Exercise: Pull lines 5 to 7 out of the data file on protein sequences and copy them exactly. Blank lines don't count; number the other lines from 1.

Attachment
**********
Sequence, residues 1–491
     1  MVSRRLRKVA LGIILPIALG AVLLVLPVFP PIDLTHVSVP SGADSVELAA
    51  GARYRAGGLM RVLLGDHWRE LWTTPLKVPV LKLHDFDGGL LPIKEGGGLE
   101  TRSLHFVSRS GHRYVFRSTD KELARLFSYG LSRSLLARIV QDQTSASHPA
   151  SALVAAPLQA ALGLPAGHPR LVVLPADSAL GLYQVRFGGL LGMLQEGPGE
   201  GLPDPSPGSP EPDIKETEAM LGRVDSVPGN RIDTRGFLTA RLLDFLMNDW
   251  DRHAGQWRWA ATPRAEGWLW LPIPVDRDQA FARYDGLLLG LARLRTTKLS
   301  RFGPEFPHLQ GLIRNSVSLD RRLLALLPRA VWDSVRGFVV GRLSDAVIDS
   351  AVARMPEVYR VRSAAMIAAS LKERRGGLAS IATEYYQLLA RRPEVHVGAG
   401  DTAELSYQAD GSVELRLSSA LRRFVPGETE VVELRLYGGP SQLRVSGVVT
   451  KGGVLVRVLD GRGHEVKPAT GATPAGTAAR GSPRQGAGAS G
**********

   151  SALVAAPLQA ALGLPAGHPR LVVLPADSAL GLYQVRFGGL LGMLQEGPGE
   201  GLPDPSPGSP EPDIKETEAM LGRVDSVPGN RIDTRGFLTA RLLDFLMNDW
   251  DRHAGQWRWA ATPRAEGWLW LPIPVDRDQA FARYDGLLLG LARLRTTKLS